Band of the Bahamas International has hit back at an analyst's report expressing concern over its loan loss provisioning levels, especially those relating to its $100 million worth of overdrafts, arguing it fails to account for its asset composition.
By NEIL HARTNELL
Tribune Business Editor
A Bahamian trust company and investors who became embroiled in the bitter legal dispute between ex-MP Lester Turnquest and his former business partner, slain banker Hywel Jones, yesterday failed to overturn the receivership of their assets, although attorneys for both parties reached an agreement to minimise their cost burden.
The Court of Appeal yesterday rejected the attempt by Experta Trust Company and four investors to overturn the receivership of client companies/assets imposed, via two different Orders, by the Supreme Court, although it did rule in favour of the Bahamas-based financial institution's submission that it was "an interested ...
A man who carried out the "premeditated murder" of popular businessman Keith Carey during an armed robbery was jailed for 57 years yesterday.
Carey, who operated a gas station, willingly handed over a deposit bag that contained $40,000 when a gunman confronted him on the steps of the Bank of The Bahamas at Harrold Road on February 27, 2006, according to the evidence.
Nevertheless, the gunman, whom the jury found was Glinton, shot Carey three times.
A jury unanimously convicted Glinton of Carey's murder and armed robbery during a third trial on April 5, 2012.
According to probation officer, Lisa Bowleg, Carey's widow, Michelle, told her, "Each trial made it seem like it was just yesterday."
Justice Roy Jones told Glinton that he had been found guilty of serious offenses for which he had shown no remorse. He added: "From the evidence, the murder and armed robbery were premeditated and carried out in a brutal and merciless manner."
The court heard that the murder has affected the standard of living of Carey's widow, Michelle, and their three daughters. Owing to the loss of the family's sole breadwinner, two of Carey's daughters could not complete their tertiary education, Bowleg reported.
Referring to the probation report, Jones said the crime had "affected the dreams and aspirations" of Carey's children.
Glinton, a high school dropout, has maintained his innocence throughout all of his trials. The court heard that Glinton's father, who has sired 33 other children, was absent during his childhood.
Although he did not finish school, Glinton obtained regular employment and his mother supplemented his income, the court heard.
Another judge sentenced Glinton to death for Carey's murder on May 29, 2009, but the conviction and sentence were overturned on appeal in December of that year.
Carey's widow told the probation officer that learning of Glinton's successful appeal was "the second worst thing that had ever happened to her, next to her husband's death."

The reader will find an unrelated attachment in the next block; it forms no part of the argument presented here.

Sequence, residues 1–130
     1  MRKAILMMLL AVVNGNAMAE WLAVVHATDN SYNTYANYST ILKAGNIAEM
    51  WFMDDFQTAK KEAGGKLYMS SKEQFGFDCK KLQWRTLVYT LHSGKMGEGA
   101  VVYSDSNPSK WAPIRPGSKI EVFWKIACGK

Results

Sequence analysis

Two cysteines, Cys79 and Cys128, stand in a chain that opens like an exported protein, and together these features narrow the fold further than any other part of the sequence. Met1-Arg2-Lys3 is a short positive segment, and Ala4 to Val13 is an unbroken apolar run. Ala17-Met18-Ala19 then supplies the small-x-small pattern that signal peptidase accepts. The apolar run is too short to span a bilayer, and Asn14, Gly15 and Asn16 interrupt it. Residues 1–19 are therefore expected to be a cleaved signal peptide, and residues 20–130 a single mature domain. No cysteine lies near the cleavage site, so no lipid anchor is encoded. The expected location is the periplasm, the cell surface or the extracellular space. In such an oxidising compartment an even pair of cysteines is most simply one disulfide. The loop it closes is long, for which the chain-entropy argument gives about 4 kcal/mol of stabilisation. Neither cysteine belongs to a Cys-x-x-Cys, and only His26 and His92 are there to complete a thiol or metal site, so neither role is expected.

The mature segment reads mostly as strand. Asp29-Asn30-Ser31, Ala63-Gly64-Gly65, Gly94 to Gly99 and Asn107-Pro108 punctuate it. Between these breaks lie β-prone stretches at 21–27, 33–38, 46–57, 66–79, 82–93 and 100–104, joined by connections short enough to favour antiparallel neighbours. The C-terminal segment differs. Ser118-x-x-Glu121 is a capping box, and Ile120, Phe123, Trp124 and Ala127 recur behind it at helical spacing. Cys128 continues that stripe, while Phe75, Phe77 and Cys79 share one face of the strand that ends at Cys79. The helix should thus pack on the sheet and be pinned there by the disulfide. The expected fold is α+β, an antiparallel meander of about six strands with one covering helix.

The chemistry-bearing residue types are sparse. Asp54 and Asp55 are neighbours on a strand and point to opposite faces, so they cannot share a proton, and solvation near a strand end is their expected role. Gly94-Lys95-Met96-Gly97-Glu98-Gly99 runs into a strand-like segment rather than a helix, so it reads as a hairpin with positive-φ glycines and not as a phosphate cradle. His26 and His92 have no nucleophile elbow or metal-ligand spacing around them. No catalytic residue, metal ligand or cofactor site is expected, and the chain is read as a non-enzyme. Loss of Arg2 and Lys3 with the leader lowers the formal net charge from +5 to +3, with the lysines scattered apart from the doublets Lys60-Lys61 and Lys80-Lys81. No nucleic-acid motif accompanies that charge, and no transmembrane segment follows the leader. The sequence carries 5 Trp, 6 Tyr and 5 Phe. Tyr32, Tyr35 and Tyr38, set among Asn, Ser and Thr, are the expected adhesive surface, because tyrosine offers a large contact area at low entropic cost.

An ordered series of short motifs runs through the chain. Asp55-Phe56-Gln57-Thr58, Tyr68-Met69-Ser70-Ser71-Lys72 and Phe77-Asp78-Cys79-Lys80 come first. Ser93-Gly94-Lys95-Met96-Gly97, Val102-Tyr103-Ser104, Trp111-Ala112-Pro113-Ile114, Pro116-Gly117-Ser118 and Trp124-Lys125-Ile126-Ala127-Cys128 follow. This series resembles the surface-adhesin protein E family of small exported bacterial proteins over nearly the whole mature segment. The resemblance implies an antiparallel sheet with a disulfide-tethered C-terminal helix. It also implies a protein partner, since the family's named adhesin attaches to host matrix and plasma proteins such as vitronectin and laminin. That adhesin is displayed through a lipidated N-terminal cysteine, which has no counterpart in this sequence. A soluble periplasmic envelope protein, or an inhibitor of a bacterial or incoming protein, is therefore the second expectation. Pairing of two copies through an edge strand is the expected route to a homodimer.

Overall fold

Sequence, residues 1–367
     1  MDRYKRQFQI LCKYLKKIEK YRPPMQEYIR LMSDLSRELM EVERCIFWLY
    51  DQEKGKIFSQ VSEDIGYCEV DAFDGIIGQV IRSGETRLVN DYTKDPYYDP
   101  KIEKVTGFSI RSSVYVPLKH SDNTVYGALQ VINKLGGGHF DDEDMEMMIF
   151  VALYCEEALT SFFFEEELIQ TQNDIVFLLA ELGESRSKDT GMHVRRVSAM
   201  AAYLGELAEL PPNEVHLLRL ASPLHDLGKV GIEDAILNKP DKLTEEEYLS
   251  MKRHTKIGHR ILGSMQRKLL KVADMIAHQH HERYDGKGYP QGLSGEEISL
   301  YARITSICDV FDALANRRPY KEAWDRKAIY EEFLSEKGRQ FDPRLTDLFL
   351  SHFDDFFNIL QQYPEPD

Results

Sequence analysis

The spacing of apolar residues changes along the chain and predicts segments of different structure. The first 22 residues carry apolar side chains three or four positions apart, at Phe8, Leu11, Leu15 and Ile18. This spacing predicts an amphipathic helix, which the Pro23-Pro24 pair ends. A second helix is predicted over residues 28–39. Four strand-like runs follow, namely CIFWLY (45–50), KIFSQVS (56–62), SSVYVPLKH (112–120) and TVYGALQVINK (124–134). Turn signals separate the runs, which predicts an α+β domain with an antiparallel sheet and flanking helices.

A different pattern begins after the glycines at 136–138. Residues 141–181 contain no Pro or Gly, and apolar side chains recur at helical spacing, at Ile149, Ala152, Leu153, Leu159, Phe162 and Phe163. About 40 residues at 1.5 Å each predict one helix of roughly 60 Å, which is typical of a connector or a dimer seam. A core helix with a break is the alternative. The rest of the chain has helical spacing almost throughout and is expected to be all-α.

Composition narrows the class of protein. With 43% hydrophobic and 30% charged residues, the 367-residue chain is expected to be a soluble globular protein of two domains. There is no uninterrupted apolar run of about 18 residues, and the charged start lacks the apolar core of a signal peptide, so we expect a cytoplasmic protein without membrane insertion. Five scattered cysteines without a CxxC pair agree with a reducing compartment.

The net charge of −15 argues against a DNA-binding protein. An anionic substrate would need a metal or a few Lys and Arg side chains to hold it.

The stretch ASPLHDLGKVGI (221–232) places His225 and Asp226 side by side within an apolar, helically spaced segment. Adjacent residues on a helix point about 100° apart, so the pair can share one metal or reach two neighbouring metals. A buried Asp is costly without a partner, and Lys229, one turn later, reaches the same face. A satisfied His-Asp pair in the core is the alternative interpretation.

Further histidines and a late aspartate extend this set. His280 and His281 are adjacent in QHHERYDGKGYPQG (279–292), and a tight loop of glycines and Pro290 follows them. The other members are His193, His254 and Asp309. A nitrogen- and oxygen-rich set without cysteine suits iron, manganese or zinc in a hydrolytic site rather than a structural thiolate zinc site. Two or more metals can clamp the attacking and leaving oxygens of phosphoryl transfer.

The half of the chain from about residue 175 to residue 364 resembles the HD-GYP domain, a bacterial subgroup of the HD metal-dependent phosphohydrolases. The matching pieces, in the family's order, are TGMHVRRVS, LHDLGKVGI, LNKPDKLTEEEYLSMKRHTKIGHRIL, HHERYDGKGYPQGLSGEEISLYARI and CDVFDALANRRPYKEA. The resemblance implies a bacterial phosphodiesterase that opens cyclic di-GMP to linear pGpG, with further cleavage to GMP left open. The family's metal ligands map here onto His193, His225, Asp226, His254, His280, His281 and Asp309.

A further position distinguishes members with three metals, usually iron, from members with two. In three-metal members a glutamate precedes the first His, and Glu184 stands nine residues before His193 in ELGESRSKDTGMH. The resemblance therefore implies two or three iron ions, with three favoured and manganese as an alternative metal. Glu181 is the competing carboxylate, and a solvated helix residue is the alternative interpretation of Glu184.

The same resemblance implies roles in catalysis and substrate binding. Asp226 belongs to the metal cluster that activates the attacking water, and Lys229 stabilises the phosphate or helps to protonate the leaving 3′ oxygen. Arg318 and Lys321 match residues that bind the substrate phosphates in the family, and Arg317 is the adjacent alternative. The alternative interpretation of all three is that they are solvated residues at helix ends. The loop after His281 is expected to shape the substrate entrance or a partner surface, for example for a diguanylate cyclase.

Carey said, "Keith's life was taken in a flash but there seems to be no cost to spare Jamal Glinton's life."
Darnell Dorsette appeared for the Crown. Craig Butler and Erica Darr represented Glinton.
Two exhibitions of work by veteran artist Dave Smith will open in Nassau during March.
A long awaited show of new paintings will open at the Central Bank of The Bahamas Art Gallery, while an exhibition of large format photographs of Nassau movie theatre marquees from the 1970's and 1980's, will open at Popopstudios International Center for the Visual Arts.
Smith established a presence on the local art scene over 30 years ago with a series of solo shows of socially conscious paintings, and was a frequent exhibitor with his contemporaries Brent Malone, Jackson and Stanley Burnside, Max Taylor and Antonius Roberts, playing a pivotal role in the development of Bahamian art. He is also one of the 1 ...
THE Bank of the Bahamas and the Kiwanis Club of Nassau AM launched the Toys for Tots Drive yesterday.
Members of the public may drop off new, unwrapped toys suitable for children up to 12 years old, to any BOB location in New Providence until Wednesday, December 21.
Children in the Bain and Grants Town area will be presented with the donated toys on Christmas morning.
"We very much appreciate BOB's participation in our Toys for Tots Drive. This gives us invaluable exposure at BOB's many branches to allow BOB customers and the general public to donate toys to less fortunate children of the Bain and Grants Town communities," said Natila Saunders, director and Young Children Prio ...
Trust Relationship Manager, Societe Generale Private Banking
What attracted you to the sector?
As The Bahamas continues to provide more and more sophisticated products and services to an international market, I recognize that there is a desperate need to remain relevant. With an economics and legal background, a natural transition was to gravitate to the Financial Services Industry, which I believe harnesses my collective experiences. A specialization in Trust and Fiduciary services and products impresses upon you the need to be continually inventive as well as compliant by international standards. I have been involved in the sector for three years now.
What keeps you motivated?
My professional mantra is that the client and his money is always first, needless to say, whilst operating within our regulatory regimes. It is always gratifying when a client looks forward to doing business with you. This starts with building a relationship with clients with a view of understanding the unique dynamics of each client structure.
Did mentorship play a part in your success?